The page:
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Global diversity of sponges (Porifera)
Van Soest, R.W.M.; Boury-Esnault, N.; Vacelet, J.; Dohrmann, M.; Erpenbeck, D.; de Voogd, N.J.; Santodomingo, N.; Vanhoorne, B.; Kelly, M.; Hooper, J.N.A. (2012). Global diversity of sponges (Porifera). PLoS One 7(4): e35105. dx.doi.org/10.1371/journal.pone.0035105
In: PLoS One. Public Library of Science: San Francisco. ISSN 1932-6203, more
Peer reviewed article

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Keywords
    Biodiversity; Databases; Taxonomy; Porifera [WoRMS]; Marine

Authors  Top | Dataset 
  • Van Soest, R.W.M., more
  • Boury-Esnault, N., more
  • Vacelet, J.
  • Dohrmann, M.
  • Erpenbeck, D.
  • de Voogd, N.J.
  • Santodomingo, N.
  • Vanhoorne, B., more
  • Kelly, M.
  • Hooper, J.N.A.

Abstract
    With the completion of a single unified classification, the Systema Porifera (SP) and subsequent development of an online species database, the World Porifera Database (WPD), we are now equipped to provide a first comprehensive picture of the global biodiversity of the Porifera. An introductory overview of the four classes of the Porifera is followed by a description of the structure of our main source of data for this paper, the WPD. From this we extracted numbers of all ‘known’ sponges to date: the number of valid Recent sponges is established at 8,553, with the vast majority, 83%, belonging to the class Demospongiae. We also mapped for the first time the species richness of a comprehensive set of marine ecoregions of the world, data also extracted from the WPD. Perhaps not surprisingly, these distributions appear to show a strong bias towards collection and taxonomy efforts. Only when species richness is accumulated into large marine realms does a pattern emerge that is also recognized in many other marine animal groups: high numbers in tropical regions, lesser numbers in the colder parts of the world oceans. Preliminary similarity analysis of a matrix of species and marine ecoregions extracted from the WPD failed to yield a consistent hierarchical pattern of ecoregions into marine provinces. Global sponge diversity information is mostly generated in regional projects and resources: results obtained demonstrate that regional approaches to analytical biogeography are at present more likely to achieve insights into the biogeographic history of sponges than a global perspective, which appears currently too ambitious. We also review information on invasive sponges that might well have some influence on distribution patterns of the future.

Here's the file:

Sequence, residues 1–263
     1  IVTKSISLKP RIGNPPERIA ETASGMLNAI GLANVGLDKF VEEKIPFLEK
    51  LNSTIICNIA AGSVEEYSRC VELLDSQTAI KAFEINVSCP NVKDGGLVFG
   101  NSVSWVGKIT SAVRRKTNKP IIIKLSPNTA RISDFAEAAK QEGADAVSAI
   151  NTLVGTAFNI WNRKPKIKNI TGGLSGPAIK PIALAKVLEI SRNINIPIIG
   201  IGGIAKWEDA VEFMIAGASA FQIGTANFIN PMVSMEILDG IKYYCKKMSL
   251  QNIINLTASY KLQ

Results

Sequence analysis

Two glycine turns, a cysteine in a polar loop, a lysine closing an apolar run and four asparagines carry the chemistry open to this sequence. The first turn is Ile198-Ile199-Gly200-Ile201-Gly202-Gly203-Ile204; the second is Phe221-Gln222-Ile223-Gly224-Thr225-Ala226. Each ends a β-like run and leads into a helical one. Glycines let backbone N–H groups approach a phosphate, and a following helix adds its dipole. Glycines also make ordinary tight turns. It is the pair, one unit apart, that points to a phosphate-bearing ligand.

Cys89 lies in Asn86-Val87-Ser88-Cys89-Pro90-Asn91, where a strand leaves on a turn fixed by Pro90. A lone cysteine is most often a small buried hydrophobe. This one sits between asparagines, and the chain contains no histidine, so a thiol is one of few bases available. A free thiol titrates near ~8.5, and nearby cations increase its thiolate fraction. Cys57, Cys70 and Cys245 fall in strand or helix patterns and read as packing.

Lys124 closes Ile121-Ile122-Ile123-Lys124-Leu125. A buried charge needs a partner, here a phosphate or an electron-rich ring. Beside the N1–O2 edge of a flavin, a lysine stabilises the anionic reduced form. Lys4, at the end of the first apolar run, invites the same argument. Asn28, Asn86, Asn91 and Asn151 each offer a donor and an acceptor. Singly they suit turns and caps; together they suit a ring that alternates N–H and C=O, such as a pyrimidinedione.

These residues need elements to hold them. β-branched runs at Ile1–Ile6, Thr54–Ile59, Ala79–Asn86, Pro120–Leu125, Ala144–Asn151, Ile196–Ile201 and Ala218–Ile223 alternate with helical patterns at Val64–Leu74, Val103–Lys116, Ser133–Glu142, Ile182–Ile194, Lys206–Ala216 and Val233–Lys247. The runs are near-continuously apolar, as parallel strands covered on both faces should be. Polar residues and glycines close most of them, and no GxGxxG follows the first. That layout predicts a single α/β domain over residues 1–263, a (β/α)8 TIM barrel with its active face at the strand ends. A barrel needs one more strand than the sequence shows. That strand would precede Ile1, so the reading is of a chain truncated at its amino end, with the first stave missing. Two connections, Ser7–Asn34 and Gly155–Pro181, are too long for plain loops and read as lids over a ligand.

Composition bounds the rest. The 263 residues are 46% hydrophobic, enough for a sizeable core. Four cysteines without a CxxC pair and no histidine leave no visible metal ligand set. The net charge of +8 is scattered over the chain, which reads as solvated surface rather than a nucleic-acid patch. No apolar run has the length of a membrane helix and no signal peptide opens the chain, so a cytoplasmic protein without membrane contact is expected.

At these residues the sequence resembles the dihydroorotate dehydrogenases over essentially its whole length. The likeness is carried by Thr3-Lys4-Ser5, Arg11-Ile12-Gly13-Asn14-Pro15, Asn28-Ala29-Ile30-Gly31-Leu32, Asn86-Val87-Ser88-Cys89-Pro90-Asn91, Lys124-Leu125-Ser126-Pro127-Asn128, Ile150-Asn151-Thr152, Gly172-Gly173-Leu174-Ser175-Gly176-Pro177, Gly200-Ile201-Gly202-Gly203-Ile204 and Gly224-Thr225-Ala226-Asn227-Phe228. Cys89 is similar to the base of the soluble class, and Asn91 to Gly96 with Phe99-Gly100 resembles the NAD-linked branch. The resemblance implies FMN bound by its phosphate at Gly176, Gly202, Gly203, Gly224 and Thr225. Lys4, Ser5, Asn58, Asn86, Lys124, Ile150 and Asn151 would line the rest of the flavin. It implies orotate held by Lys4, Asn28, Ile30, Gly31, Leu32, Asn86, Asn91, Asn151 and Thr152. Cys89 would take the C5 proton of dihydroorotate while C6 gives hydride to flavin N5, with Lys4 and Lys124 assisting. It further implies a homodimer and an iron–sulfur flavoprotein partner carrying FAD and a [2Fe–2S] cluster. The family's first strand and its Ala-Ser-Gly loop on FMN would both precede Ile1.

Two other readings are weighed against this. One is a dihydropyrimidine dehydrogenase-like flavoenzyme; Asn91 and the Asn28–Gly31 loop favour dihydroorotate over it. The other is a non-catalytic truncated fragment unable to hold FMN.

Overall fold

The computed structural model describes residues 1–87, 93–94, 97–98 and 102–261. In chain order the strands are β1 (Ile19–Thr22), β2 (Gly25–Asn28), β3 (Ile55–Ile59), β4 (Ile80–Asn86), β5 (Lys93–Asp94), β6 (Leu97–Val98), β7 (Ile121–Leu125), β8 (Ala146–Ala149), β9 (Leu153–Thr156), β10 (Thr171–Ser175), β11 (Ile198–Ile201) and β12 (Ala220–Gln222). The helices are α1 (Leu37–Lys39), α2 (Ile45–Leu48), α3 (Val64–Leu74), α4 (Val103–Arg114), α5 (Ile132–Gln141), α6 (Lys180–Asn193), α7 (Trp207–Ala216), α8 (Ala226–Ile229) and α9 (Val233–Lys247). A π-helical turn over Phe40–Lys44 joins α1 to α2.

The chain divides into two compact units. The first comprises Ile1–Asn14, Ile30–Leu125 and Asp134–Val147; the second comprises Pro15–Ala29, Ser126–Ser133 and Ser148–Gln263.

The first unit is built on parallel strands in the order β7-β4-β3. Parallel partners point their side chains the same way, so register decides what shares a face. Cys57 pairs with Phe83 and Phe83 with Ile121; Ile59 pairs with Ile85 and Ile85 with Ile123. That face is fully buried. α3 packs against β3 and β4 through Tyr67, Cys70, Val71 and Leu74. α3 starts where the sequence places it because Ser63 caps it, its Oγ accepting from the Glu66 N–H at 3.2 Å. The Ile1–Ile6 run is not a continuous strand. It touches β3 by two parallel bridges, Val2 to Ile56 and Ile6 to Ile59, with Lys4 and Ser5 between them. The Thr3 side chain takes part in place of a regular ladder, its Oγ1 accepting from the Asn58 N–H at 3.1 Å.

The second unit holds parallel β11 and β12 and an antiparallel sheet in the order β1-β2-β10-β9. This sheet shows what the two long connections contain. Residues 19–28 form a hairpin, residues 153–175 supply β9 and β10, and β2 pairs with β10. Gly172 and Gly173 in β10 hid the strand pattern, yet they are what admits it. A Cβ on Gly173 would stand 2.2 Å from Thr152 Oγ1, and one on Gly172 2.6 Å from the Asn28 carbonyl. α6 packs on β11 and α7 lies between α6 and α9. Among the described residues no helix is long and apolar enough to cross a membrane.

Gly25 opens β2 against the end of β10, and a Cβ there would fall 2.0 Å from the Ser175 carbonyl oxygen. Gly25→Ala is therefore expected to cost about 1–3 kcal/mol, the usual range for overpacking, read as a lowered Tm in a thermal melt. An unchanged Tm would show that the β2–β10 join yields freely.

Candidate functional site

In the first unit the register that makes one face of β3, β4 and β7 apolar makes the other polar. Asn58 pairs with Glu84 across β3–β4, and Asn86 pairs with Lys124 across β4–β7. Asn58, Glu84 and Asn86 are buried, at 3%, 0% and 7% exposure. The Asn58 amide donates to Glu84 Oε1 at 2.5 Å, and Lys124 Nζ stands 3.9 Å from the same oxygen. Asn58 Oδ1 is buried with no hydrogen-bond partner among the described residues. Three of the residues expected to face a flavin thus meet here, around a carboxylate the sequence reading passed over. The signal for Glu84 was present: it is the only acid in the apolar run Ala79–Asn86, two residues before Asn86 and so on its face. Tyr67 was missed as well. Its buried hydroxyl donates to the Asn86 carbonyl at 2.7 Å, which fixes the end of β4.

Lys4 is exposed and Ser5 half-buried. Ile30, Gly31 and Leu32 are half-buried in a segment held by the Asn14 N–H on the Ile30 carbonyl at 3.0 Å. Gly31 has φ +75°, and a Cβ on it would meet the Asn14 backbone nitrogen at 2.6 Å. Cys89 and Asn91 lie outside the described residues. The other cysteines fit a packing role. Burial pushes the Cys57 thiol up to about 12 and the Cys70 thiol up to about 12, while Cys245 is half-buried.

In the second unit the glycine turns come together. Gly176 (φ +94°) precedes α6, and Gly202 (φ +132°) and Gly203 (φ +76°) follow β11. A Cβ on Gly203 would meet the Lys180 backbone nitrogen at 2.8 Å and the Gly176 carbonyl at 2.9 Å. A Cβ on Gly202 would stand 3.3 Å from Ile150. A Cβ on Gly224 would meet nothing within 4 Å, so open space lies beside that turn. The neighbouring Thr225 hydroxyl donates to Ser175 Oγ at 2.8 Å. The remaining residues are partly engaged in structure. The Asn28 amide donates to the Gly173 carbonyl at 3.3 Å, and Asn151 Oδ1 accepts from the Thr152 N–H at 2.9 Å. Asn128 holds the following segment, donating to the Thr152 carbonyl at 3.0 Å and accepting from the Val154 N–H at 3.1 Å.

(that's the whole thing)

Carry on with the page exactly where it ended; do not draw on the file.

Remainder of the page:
Dataset
  • WPD: World Porifera Database, more

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